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Pacific Seafood BBQ House, 295 Racecourse Road, Kensington. Phone: 9372 6688

As a recent dinner with friends wrapped up at our fave Somalian eatery in Ascot Vale, it was suggested we reconvene for a soiree for the Chinese mid-autumn festival with the express purpose of getting gleefully sticky and messy with as much mud crab as we can handle.

The festival Sunday proves too tricky so instead five of us gather mid-week at Pacific Seafood BBQ House in Kensington and have a ball.

I confess this is unfamiliar territory for me.

Do we order one mud crab – they’re priced at $65 – each?

How does it work?

It’s easy – the rest of us reject any ordering duties and leave it all up to She Who Oraganised The Gathering.

Our trust is well rewarded!

 

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As with my previous visit to this newish arrival on Racecourse Road, with another member of our happy group, we are served complementary soup.

We love this tradition, which we also run across in various Asian and African places.

This is plainer than most and reminds me very much of my mum’s vegetable soup, even if it is beef based.

Then it’s crab time!

After consultation with the staff, it’s agreed that two crabs with accompanying noodles and a few other dishes will do us right.

Our crabs are brought, pre-cooking, to our table for our approval – just like a bottle of wine.

They look bigger than in the distorted view offered by their storage tank.

Then it’s off to the kitchen with them!

 

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They return upon a mound of egg noodles ($12 on top of the crab fee) and drenched in a sticky chilli sauce.

It’s all very good.

There is much cracking, sucking, ooo-ing and aaah-ing as the delicious, sweet crab meat is extracted.

It’s a profound pleasure to have one’s fill of fresh crab and bugger the cost.

The two crabs prove plenty – in fact, the final two claws linger on the plate for several minutes before being claimed.

But here’s an interesting thing – the sauce-imbued noodles are every bit as tasty and enjoyable as the actual crabs.

Such good seafood in the company of good pals – absolute heaven!

Happily, the rest of our meal is also very good.

 

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The fried rice ($10.80) is excellent and quite a cut above the regular fried rice we all know so well.

This is studded with good-sized chunks of roast pork and quite a few biggish, plump and wonderful prawns.

 

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Vegetables with bean curd ($19.50) makes sure we get some greenery and fungus as part of our meal.

 

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Our final dish – deep-fried chicken ribs with egg yolk ($22) – comes from the specials colourfully arrayed on the walls.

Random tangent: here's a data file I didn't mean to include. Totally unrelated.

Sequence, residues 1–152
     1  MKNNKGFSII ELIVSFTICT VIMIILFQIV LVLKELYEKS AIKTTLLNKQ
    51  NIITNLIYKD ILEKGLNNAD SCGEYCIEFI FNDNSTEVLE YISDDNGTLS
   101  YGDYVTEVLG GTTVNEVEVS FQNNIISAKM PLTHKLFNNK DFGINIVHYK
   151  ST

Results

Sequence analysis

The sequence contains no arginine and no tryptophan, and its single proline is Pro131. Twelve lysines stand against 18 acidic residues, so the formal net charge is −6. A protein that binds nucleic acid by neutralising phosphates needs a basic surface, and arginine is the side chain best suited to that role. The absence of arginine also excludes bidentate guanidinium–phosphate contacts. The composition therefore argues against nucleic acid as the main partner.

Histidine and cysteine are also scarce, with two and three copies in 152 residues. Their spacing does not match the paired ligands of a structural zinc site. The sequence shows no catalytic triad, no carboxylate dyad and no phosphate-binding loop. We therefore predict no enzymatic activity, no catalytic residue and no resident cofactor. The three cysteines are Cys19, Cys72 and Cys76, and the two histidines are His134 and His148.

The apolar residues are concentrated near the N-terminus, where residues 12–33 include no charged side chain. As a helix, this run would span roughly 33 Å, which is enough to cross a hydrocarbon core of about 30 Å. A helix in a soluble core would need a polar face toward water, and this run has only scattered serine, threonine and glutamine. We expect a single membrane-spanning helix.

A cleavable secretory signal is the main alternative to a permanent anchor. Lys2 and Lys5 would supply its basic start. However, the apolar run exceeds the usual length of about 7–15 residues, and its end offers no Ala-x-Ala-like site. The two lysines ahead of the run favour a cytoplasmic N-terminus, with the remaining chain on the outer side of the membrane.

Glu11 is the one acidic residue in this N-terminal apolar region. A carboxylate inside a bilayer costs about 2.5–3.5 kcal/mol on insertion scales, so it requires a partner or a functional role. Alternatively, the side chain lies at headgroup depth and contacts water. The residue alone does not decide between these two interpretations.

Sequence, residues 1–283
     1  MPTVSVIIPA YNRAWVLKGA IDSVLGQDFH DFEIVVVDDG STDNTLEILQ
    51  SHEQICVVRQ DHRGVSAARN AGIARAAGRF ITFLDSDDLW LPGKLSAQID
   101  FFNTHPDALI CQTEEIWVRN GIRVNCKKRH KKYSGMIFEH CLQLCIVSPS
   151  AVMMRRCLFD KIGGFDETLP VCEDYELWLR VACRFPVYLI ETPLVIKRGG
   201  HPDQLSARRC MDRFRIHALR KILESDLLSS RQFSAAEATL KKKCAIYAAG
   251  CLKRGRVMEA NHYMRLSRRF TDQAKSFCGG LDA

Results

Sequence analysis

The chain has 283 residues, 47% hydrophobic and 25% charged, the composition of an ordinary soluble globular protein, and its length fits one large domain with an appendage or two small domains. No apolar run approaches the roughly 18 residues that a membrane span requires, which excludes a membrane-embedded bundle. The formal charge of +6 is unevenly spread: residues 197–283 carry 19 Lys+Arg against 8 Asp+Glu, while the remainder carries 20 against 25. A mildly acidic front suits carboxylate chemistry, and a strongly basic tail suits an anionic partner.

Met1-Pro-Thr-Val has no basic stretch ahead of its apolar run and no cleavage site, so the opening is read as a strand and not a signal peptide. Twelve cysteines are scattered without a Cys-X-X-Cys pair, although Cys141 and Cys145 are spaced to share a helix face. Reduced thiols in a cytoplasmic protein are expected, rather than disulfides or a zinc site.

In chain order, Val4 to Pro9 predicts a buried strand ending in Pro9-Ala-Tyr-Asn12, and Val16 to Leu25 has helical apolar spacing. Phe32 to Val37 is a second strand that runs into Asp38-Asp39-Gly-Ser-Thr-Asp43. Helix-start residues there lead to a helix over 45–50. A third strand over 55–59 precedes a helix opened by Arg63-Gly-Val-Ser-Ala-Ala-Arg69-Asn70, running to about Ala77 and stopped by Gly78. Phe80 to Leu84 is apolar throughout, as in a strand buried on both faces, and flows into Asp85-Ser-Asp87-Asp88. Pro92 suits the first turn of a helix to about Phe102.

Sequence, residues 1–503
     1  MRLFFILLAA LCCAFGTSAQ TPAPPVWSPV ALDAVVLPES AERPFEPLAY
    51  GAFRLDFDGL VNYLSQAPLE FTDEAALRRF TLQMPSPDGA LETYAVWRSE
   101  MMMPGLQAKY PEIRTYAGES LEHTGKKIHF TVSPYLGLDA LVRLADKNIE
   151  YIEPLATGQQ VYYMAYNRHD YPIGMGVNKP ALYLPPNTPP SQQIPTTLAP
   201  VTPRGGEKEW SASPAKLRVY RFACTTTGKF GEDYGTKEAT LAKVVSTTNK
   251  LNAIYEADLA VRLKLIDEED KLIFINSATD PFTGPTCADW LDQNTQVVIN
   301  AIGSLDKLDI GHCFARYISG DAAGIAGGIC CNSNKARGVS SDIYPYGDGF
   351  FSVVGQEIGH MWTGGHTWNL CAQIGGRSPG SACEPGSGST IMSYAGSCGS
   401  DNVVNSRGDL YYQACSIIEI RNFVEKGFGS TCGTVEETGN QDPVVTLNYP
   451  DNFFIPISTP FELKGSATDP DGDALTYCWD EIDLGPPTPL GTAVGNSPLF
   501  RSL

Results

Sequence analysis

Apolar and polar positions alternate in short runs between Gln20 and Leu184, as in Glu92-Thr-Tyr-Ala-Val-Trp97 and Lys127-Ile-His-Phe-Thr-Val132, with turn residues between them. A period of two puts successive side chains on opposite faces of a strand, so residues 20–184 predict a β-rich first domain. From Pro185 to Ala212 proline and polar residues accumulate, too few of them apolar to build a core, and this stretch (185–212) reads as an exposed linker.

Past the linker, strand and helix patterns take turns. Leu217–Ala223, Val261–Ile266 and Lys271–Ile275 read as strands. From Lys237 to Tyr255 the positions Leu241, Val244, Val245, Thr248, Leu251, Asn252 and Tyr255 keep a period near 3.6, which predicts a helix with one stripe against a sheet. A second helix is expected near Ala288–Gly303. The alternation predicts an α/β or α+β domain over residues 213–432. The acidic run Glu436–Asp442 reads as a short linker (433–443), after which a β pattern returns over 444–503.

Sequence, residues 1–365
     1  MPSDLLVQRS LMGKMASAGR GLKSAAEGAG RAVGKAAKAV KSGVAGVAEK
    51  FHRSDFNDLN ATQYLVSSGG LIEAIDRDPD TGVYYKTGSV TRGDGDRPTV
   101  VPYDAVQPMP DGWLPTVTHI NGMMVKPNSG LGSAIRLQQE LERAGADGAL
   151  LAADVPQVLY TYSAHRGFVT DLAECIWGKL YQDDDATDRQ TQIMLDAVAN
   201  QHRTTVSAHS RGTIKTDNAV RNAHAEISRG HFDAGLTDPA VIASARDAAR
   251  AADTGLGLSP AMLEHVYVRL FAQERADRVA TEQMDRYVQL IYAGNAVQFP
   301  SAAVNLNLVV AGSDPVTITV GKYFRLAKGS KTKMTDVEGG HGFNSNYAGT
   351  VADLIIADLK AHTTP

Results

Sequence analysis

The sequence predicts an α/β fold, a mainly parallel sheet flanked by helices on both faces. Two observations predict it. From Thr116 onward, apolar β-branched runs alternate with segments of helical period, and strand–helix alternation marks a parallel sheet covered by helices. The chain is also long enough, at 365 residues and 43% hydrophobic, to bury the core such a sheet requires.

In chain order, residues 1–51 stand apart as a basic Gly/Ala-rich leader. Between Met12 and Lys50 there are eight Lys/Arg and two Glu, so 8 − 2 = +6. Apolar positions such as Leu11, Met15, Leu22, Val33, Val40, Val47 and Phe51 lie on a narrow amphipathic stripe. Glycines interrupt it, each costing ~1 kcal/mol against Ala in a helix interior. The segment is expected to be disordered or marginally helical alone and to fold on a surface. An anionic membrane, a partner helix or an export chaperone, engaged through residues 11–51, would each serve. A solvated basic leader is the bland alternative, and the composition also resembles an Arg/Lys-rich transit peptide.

It’s a relative of the familiar salt and pepper chicken ribs.

But these chook bits are richer – perhaps a little bit too rich but perfectly fitting and yummy for a special occasion feast such as this.

 

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We’ve eaten grandly – for which pleasure the five us pay a few collective few bucks under $200.

So … $40 each for such fine food?

Bargain!

 

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We finish with moon cake pieces – just a nibble for me because, as with another member of our group, I’m not a fan!

 

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Top-notch burgers in Kensington

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Mr Ed, 285 Racecourse Road, Flemington. Phone: 9376 6444

“Cafe By Day, Burger Bar By Night” – that’s Mr Ed in Kensignton.

Having checked it out in the former regard – see here – it’s become a sometime coffee spot for me, and perhaps I’ll grab one of their terrific pies or sweeties.

Tonight we’re in the house to check out the burgers.

The previous night, Bennie I had perused the menu – see the Mr Ed website here.

Having looked at the varied ingredients and the prices, Bennie wondered aloud if the Mr Ed burgers would offer sufficient eating.

And well he might …

The prices range from $14.50 to $17.50.

Among the ingredients listed for the nine burgers are pickled zucchini, Hereford beef, bourbon bacon jam, confit baby tomatoes, tomatillo salsa and shredded kale.

Ooohhh – sounds fancy!

But will we get a good feed or dainty, boutique burgers gone in a mouthful?

Actually, at another time and on another visit I might choose to compile a meal just from the very alluring list of sides.

How about rainbow slaw, purple congo/kipfler/bullhorn pepper fry-up or merlot pickled onion rings?